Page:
Does anyone have any really good information on "engineering" heat transfer with glycol and derating the tonnage and/or btu's. Just looking for facts that could help every day kind of stuff. I am also looking for information that supports the percentage loss between propylene and ethylene glycols.
Also looking for engineering studies about derating tonnage of chillers when leaving water temps setpoints drop from standard 40 F and below. I was just told by an engineer that with every degree setpoint drop in lvn water setpoint below 40 F equals around a 3% derate in tonage.
from a trane catalog that i occasionally use.
i also have a great article on the whole idea but it is from ASHRAE and it states right at the top to not distribute...sorry.
"I got both hands on the wheel
And my big foot on the gas"....Chickenfoot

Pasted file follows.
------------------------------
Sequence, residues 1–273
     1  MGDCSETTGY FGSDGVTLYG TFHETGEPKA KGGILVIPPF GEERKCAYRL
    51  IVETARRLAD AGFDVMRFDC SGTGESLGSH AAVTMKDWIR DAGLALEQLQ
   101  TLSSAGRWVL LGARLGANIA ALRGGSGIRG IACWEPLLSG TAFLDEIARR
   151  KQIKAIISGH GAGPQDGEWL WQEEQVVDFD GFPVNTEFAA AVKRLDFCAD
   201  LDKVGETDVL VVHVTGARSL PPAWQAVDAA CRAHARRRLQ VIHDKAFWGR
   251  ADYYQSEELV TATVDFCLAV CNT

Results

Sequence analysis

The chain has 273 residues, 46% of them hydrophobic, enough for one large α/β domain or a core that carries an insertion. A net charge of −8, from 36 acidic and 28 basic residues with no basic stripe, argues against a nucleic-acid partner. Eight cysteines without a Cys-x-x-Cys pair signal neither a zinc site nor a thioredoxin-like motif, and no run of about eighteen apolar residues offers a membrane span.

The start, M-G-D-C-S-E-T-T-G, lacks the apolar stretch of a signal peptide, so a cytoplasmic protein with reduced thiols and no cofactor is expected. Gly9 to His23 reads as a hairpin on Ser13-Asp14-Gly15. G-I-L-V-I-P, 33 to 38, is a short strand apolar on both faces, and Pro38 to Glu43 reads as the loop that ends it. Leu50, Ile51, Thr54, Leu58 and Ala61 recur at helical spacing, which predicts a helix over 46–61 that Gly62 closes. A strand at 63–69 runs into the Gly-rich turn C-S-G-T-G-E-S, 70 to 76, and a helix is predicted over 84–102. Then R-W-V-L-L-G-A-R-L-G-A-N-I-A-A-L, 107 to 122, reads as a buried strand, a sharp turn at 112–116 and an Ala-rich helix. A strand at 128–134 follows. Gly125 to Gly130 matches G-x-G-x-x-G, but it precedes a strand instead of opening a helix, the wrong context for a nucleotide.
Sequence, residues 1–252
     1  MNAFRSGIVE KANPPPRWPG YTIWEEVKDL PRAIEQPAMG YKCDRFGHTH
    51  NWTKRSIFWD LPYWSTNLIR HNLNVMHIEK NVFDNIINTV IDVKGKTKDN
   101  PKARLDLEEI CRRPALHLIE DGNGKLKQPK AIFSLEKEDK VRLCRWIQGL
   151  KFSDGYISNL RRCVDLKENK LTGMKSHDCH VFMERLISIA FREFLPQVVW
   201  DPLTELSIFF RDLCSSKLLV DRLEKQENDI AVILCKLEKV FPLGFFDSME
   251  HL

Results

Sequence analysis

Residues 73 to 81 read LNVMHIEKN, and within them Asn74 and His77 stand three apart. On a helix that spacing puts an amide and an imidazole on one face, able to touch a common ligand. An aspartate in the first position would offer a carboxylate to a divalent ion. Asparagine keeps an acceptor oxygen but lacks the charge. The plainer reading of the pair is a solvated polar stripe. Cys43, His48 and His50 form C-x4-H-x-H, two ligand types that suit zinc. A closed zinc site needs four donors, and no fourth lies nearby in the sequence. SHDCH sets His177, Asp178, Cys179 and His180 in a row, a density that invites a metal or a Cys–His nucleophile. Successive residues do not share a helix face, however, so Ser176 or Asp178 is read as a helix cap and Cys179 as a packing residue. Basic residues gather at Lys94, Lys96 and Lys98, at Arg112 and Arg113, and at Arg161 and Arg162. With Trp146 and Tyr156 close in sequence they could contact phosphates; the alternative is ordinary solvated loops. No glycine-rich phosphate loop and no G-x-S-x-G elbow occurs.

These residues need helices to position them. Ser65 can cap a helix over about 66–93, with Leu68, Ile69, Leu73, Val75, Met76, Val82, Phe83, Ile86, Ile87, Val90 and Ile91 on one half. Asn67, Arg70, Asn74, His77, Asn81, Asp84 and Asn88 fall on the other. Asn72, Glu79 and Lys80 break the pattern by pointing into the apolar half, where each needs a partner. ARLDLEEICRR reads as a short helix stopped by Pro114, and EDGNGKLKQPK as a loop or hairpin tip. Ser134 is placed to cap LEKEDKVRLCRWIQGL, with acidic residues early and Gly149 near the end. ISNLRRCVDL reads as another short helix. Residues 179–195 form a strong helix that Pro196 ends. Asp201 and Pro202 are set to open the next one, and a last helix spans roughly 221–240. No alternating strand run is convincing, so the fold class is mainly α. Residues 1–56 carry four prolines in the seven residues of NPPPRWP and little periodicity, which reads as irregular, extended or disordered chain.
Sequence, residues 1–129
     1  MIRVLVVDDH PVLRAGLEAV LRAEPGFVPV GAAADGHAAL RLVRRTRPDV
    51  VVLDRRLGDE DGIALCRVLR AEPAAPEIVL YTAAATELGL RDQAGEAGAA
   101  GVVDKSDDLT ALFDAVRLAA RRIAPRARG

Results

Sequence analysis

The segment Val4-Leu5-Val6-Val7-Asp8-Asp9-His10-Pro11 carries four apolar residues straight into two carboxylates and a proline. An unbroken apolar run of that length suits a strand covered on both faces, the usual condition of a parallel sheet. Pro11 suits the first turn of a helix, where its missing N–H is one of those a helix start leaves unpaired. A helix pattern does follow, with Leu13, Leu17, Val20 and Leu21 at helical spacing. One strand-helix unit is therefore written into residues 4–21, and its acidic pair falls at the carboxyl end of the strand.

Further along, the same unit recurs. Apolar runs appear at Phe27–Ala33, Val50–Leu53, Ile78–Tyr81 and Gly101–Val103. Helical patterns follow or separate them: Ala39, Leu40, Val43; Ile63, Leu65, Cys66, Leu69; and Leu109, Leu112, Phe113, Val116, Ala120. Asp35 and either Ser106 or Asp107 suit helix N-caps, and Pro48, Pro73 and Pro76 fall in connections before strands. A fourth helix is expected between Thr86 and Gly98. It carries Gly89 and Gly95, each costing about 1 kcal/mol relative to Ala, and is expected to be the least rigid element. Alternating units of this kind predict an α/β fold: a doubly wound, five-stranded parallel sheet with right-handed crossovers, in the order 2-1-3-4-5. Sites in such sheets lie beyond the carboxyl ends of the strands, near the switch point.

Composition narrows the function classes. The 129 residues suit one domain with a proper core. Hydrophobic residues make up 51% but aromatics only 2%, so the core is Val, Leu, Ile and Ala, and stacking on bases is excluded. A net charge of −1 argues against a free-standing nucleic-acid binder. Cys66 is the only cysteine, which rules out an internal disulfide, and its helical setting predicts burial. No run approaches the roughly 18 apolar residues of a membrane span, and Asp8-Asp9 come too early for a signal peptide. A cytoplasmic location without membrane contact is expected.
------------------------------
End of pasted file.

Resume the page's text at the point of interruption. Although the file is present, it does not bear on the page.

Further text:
Just as a reminder, Glycol of either type impacts the specific heat [capacity] and the viscosity [pump sizing].
Make sure it is bio and corrosion inhibited or it can cause big problems.
One thing that can go overlooked if you are retrofitting a system from water to glycol is the interaction between water treatment and glycol. It can be especially nasty on condenser water systems, open loop tower converted to closed loop drycooler. I'm not sure if your doing a retrofit or not, just throwing this out there.
Derating will depend on the percentage of glycol in the mixture, so there is no single number. On a drycooler when you need to keep freeze protection down to say 0 there is a much bigger derating factor than if you are trying to run a chiller with 28 degree chilled fluid.
Looks like you got what you need.
I can tell you that the losses can be huge. One example was a injecting moulding machine that needed 22 deg coolant. By the time the glycol mix was considered and the low temp the 17 ton chiller dropped to 5.5 tons.
I should have played the g'tar on the MTV. MK